Don’t look now but a few people are jumping on the Pittsburgh Pirates bandwagon. It’s ok, there is plenty of room. In 2011, we believe the Pirates will continue to sell more and more tickets. By the end of the season, PNC Park will host a very young, very dangerous baseball team. Yes, it will still have some holes to fill. Most teams do and yes, we know what you’re thinking…how will the Pirates continue to sell tickets? Aren’t Pirates fans sick of this team?
Today and tomorrow PNC Park will be full. The Pirates sales team is also very young, very dangerous, but they don’t have any holes. They will continue to fill up PNC Park this year and for years to come. And there is nothing like a Pittsburgh crowd. Remember, Pittsburgh was a baseball town until Franco Harris plucked a ball off the carpet and dashed the Steelers into the minds of yinzers forever.
The big question is just how much of a impact can the Bucs young talent have on helping fill up the park? The lack of fannies in the seat at some major league parks has garnered great attention. We say the Pirates will do the opposite this season.
It’s pretty easy to look back now and see the Pirates were an utter disaster when Neal Huntington took over. A lot of fans simply didn’t realize just how putrid the team had become.
As Pirates fans we have never been able to see squads of talent waiting on the horizon. But now, unlike the previous regime, young and talented players are working towards PNC Park. The days of aging minor league filler are slowly waning. The Pirates minor leagues are filled with talented teams of players putting up solid numbers, missing bats, and hitting bombs. Some of the teams have made their league playoffs, a pirates prospect took a rehabbing Andy Petite yard in those playoffs, and don’t look now, but the AA Altoona club and the former Lynchburg team are rocking championship rings.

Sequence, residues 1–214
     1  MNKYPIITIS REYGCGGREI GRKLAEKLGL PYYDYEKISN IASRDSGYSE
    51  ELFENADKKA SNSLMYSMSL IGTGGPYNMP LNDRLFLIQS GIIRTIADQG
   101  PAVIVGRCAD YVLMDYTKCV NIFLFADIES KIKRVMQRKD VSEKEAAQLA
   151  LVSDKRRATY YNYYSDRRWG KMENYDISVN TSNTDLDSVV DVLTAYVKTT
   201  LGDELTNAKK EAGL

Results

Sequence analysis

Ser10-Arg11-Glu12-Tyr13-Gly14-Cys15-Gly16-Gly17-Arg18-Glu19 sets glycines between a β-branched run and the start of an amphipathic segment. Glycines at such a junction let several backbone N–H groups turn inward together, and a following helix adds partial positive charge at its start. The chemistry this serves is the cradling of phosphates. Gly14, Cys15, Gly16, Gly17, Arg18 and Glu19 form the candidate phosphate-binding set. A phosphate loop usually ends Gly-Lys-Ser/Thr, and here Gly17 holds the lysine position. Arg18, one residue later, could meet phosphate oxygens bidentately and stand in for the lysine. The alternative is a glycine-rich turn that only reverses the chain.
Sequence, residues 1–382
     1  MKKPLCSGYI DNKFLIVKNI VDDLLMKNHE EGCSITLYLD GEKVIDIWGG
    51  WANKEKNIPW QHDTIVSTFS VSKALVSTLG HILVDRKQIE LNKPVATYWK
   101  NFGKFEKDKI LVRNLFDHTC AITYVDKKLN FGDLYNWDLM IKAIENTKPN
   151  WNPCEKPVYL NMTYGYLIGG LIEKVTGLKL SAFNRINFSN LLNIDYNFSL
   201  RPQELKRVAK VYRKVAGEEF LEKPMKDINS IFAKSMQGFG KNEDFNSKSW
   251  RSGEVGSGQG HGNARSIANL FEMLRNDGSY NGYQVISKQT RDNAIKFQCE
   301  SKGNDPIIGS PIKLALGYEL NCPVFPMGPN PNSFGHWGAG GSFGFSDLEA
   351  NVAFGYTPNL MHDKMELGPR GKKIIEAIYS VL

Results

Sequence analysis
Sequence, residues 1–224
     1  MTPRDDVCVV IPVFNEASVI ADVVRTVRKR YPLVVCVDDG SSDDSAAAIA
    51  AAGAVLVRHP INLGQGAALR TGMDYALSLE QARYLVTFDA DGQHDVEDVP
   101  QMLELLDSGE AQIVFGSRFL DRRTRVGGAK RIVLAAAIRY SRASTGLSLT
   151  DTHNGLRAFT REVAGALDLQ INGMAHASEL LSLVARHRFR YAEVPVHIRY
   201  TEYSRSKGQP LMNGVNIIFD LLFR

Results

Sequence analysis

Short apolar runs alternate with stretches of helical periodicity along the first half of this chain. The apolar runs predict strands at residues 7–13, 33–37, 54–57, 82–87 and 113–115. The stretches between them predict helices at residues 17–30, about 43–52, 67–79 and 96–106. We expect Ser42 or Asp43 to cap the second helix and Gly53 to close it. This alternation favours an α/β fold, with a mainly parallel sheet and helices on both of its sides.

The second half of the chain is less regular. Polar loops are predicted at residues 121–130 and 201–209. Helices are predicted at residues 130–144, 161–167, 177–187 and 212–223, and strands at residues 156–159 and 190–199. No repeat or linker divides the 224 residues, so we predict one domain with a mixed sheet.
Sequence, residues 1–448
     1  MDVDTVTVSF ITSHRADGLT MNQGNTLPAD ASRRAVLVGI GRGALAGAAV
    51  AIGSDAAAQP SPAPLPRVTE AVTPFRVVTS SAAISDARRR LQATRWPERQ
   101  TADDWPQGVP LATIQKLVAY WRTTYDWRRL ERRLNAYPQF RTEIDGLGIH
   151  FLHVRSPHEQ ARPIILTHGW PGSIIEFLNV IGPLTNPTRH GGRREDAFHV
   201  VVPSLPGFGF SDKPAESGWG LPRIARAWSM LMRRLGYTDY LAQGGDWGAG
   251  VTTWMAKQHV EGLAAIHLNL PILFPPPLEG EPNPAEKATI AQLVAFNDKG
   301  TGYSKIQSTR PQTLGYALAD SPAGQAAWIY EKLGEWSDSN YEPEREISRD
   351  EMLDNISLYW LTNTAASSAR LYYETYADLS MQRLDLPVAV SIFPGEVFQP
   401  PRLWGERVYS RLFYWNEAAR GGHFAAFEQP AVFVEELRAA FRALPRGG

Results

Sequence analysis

Keep telling your tired Pirates jokes. Call the Bucs the laughingstock. But I think you can hear us coming. If not, here are eleven reasons why you will want to come out to the best ball yard in the world to see the Bucs this year. Or not. We’re not big on strangers in this town anyway.
The 2011 Pirates team is a blend of potential stars, solid performers, rebound wanna-bes, soft tossers, and hanger ons. It won’t look this way in 2012. The Pirates could very easily become an even younger team by this time next season.
So back to the present. Do you really want to read a Pirates 2011 preview? Warning. It doesn’t look pretty.
The Pittsburgh Pirates have been bad for a long time. But in 2010 they were finally over-the-top, worst in the league, awful. The Bucs didn’t perform poorly in just one area, they sucked in most every offensive, defensive, and pitching category.
Enough of the past, let’s look at exhibit number one in our reasons to come to PNC Park in 2011.
Checking in at number one is the player who is going to destroy your favorite pitcher for the next ten years. His name is Pedro Alvarez. He is a 24-year old, 30-homer- a- year- hittin, an on base gettin,’ knock it in the river Pittsburgh Pirate.
In 2010, Alvarez hit a bomb about every 22 times up at the dish. Was his .341 BABIP luck, or just baseballs being crucified coming off his Louisville? Time will tell, but I am going with Alvarez being a baseball killer. (You should too.)
We have Andrew McCutchen. You don’t. It sucks to be you. Stop drooling.
Cutch is 24. Cutch plays hurt. Cutch puts up big numbers. Cutch makes you jealous. And stop reading those ridiculous blogs with insane trade scenarios offering up cannon fodder for McCutchen. It’s not happening.
Neil Walker burst into the big leagues thanks to the failings of Aki Iwamura in 2010 and never looked back. All he did was become the best rookie second-baseman in Major League Baseball.
Walker had the sixth highest slugging (.462) and OPS (.811) at the position. He came out hot, but suffered a concussion in June, courtesy of a Ryan Church knee, that made the hearts of Bucco fans skip a beat. Not to worry, Walker rebounded strong with a five hit night in July, and then highlighted his season with an 18-game hitting steak from August 23 to September 12. Walker ripped 29 doubles in 426 at-bats and his 54 second-half RBI was fifth in MLB.
All of these impressive numbers were earned as Walker learned how to play second base while playing second base. In 2011, Pirates fans are excited to see what “Hometown” will do for an encore as he has already jumped out to a great start.
Jose Tabata is 22 years old. Noticing a trend? We like ‘em young in the Steel City.